-- The administration proposes slashing federal spending by $3.6 trillion over 10 years, a historic contraction that would severely ratchet back spending across dozens of programs and could completely reshape government assistance to the poor. Damian Paletta and Robert Costa report: OMB director Mick Mulvaney said the spending plan is focused on “protecting taxpayer money” and cutting programs that are “ineffective” and encourage people not to work. He singled out SNAP -- the modern version of food stamps -- which has grown rapidly since the financial crisis and in 2016 had 44 million beneficiaries. “If you are on food stamps and you are able-bodied, we need you to go to work,” he said. “If you are on disability insurance … [and] you are not truly disabled, we need you to go back to work. We need everybody pulling in the same direction.”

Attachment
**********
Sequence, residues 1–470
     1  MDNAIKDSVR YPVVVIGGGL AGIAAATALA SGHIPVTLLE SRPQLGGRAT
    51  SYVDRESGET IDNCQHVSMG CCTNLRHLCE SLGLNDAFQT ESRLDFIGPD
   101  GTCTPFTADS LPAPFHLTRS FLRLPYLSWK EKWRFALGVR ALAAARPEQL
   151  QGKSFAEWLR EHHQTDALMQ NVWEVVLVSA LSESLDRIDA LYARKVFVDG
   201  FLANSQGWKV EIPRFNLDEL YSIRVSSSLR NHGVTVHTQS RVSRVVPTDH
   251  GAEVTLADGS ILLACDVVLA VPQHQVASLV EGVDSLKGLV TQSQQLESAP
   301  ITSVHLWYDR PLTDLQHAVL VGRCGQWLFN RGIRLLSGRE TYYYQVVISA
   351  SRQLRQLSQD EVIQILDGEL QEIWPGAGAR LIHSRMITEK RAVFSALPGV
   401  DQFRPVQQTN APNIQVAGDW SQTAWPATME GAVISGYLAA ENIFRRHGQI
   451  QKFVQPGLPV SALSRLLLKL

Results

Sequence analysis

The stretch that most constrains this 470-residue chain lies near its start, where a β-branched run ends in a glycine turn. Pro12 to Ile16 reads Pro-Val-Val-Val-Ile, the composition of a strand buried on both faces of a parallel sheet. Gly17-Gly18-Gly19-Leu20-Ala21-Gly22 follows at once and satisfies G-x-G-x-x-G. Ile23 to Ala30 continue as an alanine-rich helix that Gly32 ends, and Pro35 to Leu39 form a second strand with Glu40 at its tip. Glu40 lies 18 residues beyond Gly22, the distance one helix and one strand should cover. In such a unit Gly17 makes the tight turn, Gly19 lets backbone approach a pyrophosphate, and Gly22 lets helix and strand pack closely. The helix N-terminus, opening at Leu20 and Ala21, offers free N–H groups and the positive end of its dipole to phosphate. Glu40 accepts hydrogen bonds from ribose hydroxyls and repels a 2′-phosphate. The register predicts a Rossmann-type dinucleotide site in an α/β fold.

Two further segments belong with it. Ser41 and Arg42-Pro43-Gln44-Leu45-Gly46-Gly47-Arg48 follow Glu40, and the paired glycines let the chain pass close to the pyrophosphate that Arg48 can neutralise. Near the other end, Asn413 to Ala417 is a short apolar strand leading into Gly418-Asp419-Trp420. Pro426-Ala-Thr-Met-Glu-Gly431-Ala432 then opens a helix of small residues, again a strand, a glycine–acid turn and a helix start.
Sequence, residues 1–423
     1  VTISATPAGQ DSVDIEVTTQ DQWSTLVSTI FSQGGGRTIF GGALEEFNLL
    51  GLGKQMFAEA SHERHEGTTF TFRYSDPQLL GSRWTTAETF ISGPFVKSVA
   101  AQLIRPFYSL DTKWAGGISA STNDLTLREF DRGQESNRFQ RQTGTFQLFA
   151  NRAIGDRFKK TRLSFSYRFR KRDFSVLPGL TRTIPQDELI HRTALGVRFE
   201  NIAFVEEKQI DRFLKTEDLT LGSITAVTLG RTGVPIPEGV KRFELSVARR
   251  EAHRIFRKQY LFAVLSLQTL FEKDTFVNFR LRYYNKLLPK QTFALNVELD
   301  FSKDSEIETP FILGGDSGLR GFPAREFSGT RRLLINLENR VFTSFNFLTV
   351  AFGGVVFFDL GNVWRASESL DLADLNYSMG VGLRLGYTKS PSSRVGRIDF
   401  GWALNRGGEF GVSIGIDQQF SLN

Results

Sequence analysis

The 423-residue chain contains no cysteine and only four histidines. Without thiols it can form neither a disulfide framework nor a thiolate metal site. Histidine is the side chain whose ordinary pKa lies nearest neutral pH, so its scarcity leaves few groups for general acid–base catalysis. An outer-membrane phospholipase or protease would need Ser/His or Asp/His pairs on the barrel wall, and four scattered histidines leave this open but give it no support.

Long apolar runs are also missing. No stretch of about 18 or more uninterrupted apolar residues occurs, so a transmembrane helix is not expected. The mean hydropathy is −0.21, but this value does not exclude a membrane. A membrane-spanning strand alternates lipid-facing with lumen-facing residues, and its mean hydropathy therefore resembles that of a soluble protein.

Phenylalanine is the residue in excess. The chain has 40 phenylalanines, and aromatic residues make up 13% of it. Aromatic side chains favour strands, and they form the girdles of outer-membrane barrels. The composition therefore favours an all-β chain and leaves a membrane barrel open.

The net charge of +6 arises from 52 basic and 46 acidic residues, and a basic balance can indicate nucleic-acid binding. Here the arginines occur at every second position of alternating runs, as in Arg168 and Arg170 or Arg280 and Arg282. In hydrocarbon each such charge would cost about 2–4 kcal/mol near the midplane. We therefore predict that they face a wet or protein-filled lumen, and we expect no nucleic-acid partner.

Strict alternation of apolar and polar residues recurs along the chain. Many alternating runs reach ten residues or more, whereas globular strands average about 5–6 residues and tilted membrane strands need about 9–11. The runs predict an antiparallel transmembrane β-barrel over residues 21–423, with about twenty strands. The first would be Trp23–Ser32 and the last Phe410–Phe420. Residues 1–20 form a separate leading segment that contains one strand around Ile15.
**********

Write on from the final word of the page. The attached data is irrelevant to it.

-- Trump’s cuts to SNAP will be felt most in regions of the country with chronically high rates of unemployment — from the rural Southeast to aging manufacturing towns to Indian reservations. Caitlin Dewey and Tracy Jan report: “People in those regions are temporarily exempt from national work requirements for the SNAP program, because there are not enough jobs there for everyone who wants one. But there is growing anticipation that the budget … would eliminate or curtail the unemployment-rate waivers. That means the federal government could cut off assistance to unemployed adults who live in areas where few jobs are available. While details remain sparse, Trump is expected to propose cutting as much as 25 percent of the program’s funding over 10 years, which would go far beyond past House Republican proposals — and require far more than axing SNAP’s unemployed adults."

-- Even some of the most conservative members of the House said the budget might cut too much, per Mike DeBonis: